SMU Political Science Professor Cal Jillson warns that President Obama must be cautious in using his wit in these troubled times, saying 'he's got to be careful that he doesn't appear to be flippant.'

Sheldon Alberts
Washington Correspondent
Canwest News Service

WASHINGTON — When Barack Obama sat down with '60 Minutes' correspondent Steve Kroft for a feature interview that aired Sunday, the consensus view in the White House press corps was that he had just endured the worst week of his young presidency.

His administration had struggled for a consistent response to the AIG bonus controversy - veering from statements of outrage to the admission its own officials were partially responsible for legislation that made the $165 million in payments possible.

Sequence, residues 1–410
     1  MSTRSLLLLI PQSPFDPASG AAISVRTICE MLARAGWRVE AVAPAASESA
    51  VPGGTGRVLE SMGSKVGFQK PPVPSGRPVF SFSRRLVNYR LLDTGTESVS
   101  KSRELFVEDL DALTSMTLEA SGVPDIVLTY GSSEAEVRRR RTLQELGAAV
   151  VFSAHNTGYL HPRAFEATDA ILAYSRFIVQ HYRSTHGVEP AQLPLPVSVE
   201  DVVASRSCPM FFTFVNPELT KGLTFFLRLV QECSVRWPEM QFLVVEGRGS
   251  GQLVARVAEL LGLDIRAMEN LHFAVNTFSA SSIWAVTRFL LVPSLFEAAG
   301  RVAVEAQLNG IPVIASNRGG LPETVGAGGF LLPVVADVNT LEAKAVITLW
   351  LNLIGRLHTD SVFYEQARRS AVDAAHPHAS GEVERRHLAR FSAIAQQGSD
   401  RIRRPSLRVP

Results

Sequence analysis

Meantime polls were showing public approval for Obama's bank bailout plan had sunk to under 40 per cent, and Republicans had begun demanding his treasury secretary's resignation.

But Obama himself seemed utterly unfazed by the supposed turmoil engulfing his administration.

"I just want to say that the only thing less popular than putting money into banks is putting money into the auto industry," Obama said, laughing in response to Kroft's questions about waning support for his economic recovery plan. . .

"He is a very smart, quick-witted guy, and he's got to be careful that his wit doesn't have too much bite," said Cal Jillson, a politics professor at Southern Methodist University in Dallas.

"I think, fundamentally, Americans love the idea of having a smart, articulate president. It's a change. So people like his obvious intelligence. But he's got to be careful that he doesn't appear to be flippant."

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